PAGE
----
How to Build a More Inclusive Technical Team

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Are you struggling to attract fresh, enthusiastic talent for technical positions in your company? Here are four ways to increase your organization’s inclusivity and diversity and open the doors to formerly unrecognized candidates with qualifications that may seem out-of-the-box.

Don’t let traditional education “requirements” block your best candidates

Traditional learning isn’t the only way to gain knowledge and excel — especially in technical roles. Advances in technology best practices and methodology happens so quickly that classroom-imparted information can become obsolete quickly. Self-directed learning and hands-on work is often the only way to stay at the real leading edge of the technical space.

Make your hiring ads focus on skills both hard and soft — instead of arbitrary requirements like a specific degree or school. Keep such items in the “nice to have” column instead, and describe your ideal candidate as having a committed work ethic, innovative mind and ability to thrive in an environment focused on forward movement in all areas.

There are many alternative forms of learning currently available to underserved populations. Don’t bypass informal education or hands-on experience in specific pertinent areas relevant to your open position simply because the applicant doesn’t tick traditional résumé boxes. Tech is where “new collar workers” shine!

Instead, educate yourself about the skills and knowledge that can be gleaned from opportunities presented by Ed.X (free university courses), Google, YouTube, Hackbright Academy, and other alternative methods of education. Clarify that your company values self-motivated learners. Note that opportunities exist for continued learning (preferably on the company dime) at your own organization.

Employees are more likely to stay at a company that provides opportunities for learning and career development. This is one of the most significant measures you have to build a diverse and highly talented technical team. When you embrace those who are self-driven learners and provide them with an opportunity for continued learning, retention becomes a matter of course.

Watch for unconscious and personal bias in your interview process

Even the most diligent hiring managers and interviewers can be swayed by unconscious and personal bias. Despite the best of intentions, bias can creep into an interview process and result in dismissing someone based on education history, choice of school, residential address, age, personal style, skin color, accent or ethnicity of a name.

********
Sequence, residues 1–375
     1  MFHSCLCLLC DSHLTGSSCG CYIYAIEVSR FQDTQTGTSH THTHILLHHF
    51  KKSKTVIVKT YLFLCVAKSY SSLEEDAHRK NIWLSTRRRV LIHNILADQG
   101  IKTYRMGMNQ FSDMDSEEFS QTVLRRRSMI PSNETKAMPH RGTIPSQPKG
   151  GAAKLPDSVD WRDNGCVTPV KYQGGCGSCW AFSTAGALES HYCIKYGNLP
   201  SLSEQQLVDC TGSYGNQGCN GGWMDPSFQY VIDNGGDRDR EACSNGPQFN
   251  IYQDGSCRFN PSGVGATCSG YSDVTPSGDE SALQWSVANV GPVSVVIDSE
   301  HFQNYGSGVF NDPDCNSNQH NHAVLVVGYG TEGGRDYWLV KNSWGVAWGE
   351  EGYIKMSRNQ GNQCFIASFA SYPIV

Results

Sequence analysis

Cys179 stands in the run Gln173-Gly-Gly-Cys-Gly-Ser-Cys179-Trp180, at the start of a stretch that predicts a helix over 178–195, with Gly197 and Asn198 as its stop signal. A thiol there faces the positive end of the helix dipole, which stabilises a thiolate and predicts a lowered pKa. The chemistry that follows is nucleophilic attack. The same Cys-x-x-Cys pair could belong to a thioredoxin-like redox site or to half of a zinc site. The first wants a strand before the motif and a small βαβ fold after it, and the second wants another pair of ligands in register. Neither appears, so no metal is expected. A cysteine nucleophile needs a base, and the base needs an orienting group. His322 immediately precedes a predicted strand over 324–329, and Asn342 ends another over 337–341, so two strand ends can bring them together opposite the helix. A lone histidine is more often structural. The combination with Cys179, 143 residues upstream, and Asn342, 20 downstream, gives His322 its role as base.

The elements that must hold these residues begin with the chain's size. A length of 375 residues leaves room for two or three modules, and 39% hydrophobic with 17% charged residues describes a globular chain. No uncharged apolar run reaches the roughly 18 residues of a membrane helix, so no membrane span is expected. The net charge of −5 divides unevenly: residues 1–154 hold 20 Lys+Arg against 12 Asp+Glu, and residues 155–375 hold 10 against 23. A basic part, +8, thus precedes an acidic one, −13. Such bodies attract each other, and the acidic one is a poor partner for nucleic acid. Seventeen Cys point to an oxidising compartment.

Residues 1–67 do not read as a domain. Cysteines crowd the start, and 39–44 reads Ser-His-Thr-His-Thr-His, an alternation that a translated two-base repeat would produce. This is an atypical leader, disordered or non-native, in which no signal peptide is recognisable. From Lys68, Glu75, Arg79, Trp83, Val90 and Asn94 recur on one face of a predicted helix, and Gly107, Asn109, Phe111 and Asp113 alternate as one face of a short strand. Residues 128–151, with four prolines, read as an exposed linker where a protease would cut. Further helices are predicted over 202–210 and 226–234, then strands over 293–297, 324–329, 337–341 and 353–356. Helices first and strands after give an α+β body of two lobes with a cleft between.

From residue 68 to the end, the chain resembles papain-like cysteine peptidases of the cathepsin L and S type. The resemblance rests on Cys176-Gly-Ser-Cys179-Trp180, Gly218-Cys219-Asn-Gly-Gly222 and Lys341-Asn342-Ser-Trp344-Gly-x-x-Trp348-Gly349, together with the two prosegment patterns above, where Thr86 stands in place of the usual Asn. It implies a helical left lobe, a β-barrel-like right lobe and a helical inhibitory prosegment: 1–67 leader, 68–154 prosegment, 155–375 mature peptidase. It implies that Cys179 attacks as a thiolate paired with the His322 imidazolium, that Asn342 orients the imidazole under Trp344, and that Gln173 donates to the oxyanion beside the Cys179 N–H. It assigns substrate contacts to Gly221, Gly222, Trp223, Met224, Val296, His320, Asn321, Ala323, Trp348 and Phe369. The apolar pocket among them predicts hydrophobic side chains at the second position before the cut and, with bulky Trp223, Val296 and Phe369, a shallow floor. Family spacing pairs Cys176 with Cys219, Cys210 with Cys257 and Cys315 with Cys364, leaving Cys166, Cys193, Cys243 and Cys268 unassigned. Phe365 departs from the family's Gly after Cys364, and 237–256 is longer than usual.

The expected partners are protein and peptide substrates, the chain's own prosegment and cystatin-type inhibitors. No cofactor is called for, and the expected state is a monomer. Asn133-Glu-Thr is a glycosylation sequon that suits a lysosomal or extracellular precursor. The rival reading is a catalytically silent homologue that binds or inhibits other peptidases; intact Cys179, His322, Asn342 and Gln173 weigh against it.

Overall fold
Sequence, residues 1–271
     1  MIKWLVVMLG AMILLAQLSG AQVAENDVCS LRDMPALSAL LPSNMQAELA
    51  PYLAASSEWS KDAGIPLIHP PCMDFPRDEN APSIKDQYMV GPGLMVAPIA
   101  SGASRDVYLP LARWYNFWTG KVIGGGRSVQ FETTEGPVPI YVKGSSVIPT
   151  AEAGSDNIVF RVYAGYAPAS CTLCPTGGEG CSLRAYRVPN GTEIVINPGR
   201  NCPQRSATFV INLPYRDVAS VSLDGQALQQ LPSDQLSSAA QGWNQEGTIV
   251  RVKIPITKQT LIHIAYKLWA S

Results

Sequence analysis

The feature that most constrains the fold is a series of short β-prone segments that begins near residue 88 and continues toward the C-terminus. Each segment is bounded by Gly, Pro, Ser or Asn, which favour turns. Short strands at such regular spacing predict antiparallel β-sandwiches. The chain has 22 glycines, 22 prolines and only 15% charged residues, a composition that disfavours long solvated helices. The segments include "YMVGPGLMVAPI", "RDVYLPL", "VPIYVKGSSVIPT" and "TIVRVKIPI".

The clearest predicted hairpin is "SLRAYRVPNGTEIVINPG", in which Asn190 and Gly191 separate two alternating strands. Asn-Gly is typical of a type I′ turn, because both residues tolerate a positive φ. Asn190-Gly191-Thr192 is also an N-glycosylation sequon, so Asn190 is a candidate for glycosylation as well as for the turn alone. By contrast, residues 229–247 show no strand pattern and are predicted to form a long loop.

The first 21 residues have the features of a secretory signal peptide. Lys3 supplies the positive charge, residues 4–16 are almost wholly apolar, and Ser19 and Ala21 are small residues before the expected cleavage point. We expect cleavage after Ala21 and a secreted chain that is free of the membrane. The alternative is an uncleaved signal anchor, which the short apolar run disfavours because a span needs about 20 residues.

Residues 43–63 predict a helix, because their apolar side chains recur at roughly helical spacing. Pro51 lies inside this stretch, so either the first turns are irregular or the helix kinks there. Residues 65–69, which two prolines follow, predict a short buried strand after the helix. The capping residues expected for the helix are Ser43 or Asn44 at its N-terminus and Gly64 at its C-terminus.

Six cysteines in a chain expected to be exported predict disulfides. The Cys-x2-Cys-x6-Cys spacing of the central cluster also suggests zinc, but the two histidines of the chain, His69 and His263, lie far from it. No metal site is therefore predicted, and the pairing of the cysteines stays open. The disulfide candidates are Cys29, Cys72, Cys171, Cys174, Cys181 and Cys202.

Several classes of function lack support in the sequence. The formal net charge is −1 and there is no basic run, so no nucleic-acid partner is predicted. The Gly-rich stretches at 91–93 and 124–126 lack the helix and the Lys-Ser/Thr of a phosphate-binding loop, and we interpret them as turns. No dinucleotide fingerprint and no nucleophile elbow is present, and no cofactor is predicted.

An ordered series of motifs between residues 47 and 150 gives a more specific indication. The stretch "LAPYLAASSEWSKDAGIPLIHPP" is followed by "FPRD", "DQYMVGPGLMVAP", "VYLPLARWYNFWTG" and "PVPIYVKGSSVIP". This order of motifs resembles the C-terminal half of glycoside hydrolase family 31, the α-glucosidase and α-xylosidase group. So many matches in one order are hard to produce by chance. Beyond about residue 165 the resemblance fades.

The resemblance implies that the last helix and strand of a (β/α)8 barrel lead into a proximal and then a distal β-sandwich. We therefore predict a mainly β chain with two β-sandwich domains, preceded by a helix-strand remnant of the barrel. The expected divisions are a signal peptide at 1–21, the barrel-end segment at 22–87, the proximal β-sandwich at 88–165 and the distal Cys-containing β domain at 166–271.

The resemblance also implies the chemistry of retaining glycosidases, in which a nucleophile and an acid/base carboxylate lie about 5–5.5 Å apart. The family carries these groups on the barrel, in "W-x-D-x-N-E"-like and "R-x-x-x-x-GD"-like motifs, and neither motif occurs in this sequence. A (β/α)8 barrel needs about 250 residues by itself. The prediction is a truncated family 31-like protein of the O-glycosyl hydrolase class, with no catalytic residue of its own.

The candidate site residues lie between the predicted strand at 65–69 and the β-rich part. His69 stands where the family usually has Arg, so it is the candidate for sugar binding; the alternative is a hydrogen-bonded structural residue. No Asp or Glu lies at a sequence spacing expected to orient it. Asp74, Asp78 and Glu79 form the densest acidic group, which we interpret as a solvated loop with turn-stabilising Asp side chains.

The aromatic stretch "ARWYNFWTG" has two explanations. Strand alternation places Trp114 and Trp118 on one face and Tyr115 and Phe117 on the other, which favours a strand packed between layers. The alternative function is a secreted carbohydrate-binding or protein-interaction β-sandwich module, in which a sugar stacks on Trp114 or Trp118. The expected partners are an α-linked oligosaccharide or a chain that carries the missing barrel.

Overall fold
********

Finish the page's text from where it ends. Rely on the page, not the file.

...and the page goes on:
To mitigate the risk of bias, ask someone wholly removed from the hiring process to “blind” incoming applications, removing all identifying information and reducing each application to bare bones before submitting them for initial review. During the interview, guard against biases by keeping “best candidate for the job, regardless of all else” at the forefront of your mind.

Consider the language you use when taking notes, and strive to keep it free and clear of any bias. Are you noting someone is charismatic instead of knowledgeable, or articulate instead of skilled? Remember, not every applicant will have had the same access to what is commonly known as “job interview skills,” and evaluating applicants by the descriptor “professional” as applied to dress, or speech patterns can be problematic.

Allow candidates to interview you as well; this is also the job’s audition to see if it is right for them. Welcome questions about the diversity and inclusivity of your workplace, and be prepared to answer such questions in detail.

Utilize your existing tech team’s assistance in selecting the best candidate

The people currently doing similar technical jobs in your organization should be your best ambassadors. If they aren’t, you may be missing the mark internally. Utilize the knowledge and experience of those who will be joined or replaced by new hires when identifying those who would be a good fit for your growing team.

Remember, your existing employees are not only aware of their personal strengths but their weaknesses as well. Including them in the process is an ideal way to bring in new hires who fill knowledge or skill gaps, making the entire team stronger and better able to face new challenges. Ask your employees where there’s a hole to fill concerning knowledge or experience, and seek candidates that match.

The same goes for the candidate meeting the existing team is important to more than 80% of millennials interviewing for a position. Allowing a meet and greet in a relaxed environment where candidates have an opportunity to talk shop with current employees can help close the deal when filling a position within a closely-knit team.

Use technology to identify and attract top talent

You’re a company trying to attract tech talent, so what could make more sense than the use technology to find and draw in your most suitable and diverse candidates? Technology can be less prone to bias (depending on programming), so engage with potential hires by leveraging technology and meet them where they live. Effective ways to use technology to draw in the tech-savvy include:

  • A mobile career site to pique the interest of those not quite ready to jump into job interviews by making them aware of your company
  • A recruiting funnel that gives you visibility into where you are gaining ground and where your system is failing to keep great candidates engaged
  • Algorithms that help you group shortlisted candidates and match them with the skills and abilities you need most
  • Automated workflows that keep highly valuable and diverse candidates engaged and moving through the hiring process

Following these guidelines can help you not only hire the best person for your open technical position but retain them long term.